**Catalog Description**. Credit 3. Linear ordinary differential equations, solutions in series, solutions using Laplace transforms, systems of differential equations.
Prerequisite: Math 251 (third semester of calculus).

**Textbook**. *Fundamentals of Differential Equations
and Boundary Value Problems* by Nagle and Saff. Most sections
will also be using *Solving ODEs with Maple V* for the
laboratory component of the course.

The goal of this component is to use the computer as a computational and graphical tool to solve problems that would be too difficult to solve by hand. In addition, some pedagogical points can be enhanced with the use of the computer. The above mentioned ODE manual contains the relevant Maple syntax together with applications and modeling problems where Maple is needed as part of the solution process. You will get experience in solving differential equations using the computer (both symbolically and numerically) and you will eventually be expected to solve a modeling or applications problem/project where the computer is needed to complete the solution.

Basic hand computational techniques are still covered in this course, but perhaps not with the same emphasis as in the past. There is a a common core that belongs in any DE course. This core includes the basic techniques for solving first and second order equations together with applications; Laplace transforms, and two-dimensional systems. There is room at the end of the syllabus for additional topics such as series solutions, numerical methods, higher-dimensional systems and dynamical systems. Not all of these optional topics can be covered and they are left to instructor discretion...my choices are series solutions and higher-dimensional systems. There will be weekly homework which will be graded. This will include Maple-base homework, and you will need to take diligent advantage of the Maple evening open hours and the help sessions. The staff is drawn from the best and brightest veterans of this course in past semesters. (Some have even taken the course from your current instructor). See the course home page for further details. Homework will count for 20% of your grade. A project incorporating Maple will count for a further 10%. The final will count for 25%, and the three hour exams will count for 15% each.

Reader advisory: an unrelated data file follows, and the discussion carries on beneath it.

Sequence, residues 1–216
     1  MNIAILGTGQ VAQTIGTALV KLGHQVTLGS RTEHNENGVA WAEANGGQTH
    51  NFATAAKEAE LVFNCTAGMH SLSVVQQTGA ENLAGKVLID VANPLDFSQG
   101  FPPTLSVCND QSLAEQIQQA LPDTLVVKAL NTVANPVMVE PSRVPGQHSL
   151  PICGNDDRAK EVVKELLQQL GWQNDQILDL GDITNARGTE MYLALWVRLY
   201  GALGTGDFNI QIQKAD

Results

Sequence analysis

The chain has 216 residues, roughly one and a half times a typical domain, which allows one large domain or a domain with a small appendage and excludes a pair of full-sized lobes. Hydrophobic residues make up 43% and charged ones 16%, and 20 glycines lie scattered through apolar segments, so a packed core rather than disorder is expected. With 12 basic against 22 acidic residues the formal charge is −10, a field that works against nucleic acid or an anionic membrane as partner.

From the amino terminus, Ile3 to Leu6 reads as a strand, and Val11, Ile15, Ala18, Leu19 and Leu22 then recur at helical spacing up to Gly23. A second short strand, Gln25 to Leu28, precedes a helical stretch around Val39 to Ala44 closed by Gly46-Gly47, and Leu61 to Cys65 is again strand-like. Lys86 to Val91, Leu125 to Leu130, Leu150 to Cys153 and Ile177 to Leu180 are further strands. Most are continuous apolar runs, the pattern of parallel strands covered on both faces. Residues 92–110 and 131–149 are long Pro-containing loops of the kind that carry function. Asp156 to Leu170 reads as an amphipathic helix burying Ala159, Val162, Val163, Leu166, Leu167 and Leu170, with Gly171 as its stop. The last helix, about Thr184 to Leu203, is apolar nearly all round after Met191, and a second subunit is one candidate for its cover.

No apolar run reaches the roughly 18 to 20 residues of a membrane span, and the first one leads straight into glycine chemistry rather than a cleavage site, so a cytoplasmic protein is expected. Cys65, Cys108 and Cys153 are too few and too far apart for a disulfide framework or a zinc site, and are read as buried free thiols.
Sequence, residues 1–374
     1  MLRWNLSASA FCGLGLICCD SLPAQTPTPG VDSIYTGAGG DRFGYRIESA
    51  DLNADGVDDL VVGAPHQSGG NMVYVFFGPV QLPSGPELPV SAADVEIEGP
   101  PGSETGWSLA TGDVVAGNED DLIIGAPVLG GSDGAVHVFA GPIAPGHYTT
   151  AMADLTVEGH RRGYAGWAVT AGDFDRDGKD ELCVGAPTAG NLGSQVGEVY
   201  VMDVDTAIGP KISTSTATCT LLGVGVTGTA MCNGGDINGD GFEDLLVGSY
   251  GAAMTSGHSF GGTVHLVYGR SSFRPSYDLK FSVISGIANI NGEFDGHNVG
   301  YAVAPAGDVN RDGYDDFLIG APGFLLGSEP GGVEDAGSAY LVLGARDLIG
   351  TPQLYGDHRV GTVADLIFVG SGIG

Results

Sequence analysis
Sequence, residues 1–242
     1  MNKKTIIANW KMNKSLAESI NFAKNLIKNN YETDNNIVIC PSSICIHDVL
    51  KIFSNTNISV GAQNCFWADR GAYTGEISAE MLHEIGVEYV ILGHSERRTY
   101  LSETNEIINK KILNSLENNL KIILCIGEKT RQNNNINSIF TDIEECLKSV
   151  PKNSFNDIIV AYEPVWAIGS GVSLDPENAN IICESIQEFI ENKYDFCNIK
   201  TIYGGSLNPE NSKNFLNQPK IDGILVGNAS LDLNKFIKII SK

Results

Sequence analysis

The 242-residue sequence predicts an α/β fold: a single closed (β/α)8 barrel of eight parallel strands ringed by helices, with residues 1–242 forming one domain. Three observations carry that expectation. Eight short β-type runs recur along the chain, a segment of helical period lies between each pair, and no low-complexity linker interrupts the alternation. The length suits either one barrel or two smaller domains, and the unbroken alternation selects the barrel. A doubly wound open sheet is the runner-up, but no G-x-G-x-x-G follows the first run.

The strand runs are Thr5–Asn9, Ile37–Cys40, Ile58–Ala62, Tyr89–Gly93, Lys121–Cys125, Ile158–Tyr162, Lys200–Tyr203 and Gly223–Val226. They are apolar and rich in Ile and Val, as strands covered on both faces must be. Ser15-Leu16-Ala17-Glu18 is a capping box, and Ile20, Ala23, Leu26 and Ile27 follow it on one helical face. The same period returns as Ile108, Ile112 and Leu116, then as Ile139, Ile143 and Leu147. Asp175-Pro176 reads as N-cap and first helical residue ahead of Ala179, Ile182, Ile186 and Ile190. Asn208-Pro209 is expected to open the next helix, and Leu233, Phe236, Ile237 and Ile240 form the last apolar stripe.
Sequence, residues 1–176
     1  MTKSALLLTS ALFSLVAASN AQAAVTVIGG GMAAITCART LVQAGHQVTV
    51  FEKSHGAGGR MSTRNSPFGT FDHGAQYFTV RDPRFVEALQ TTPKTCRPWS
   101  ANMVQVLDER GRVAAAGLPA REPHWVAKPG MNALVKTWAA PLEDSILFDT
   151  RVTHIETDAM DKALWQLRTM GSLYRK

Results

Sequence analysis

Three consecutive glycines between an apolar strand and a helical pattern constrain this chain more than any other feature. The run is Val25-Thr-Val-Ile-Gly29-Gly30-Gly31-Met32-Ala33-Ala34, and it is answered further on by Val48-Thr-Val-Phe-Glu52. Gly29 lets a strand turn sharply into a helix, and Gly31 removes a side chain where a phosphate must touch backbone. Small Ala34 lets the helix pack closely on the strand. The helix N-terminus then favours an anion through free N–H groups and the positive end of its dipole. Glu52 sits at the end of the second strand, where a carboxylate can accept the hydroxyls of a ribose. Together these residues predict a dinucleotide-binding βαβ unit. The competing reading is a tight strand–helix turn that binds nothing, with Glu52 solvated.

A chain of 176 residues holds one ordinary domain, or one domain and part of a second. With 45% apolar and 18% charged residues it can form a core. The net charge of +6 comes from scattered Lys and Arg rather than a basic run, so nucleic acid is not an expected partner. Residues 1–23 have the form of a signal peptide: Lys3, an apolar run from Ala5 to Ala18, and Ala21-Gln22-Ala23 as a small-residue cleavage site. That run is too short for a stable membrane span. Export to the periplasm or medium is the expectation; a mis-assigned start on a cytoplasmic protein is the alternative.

**Weekly Syllabus**

Week 1 pp. 1-24

Week 2 pp. 24-30, pp. 35-46

Week 3 pp. 46-65

Week 4 pp. 86-128

Week 5 pp. 128-137, pp. 150-169

Week 6 pp. 169-188

Week 7 pp. 188-207

Week 8 pp. 207-214, pp. 240-260

Week 9 pp. 261-299

Week 10 pp. 351-380

Week 11 pp. 380-428

Week 12 pp. 734-763

There will be three major exams and a final exam are given in this course.

Exam 1: In week three after the material in Chap. 2 is finished. Exam 2: In week eight after the material in Chap. 4. Exam 3: In week twelve after Laplace transforms.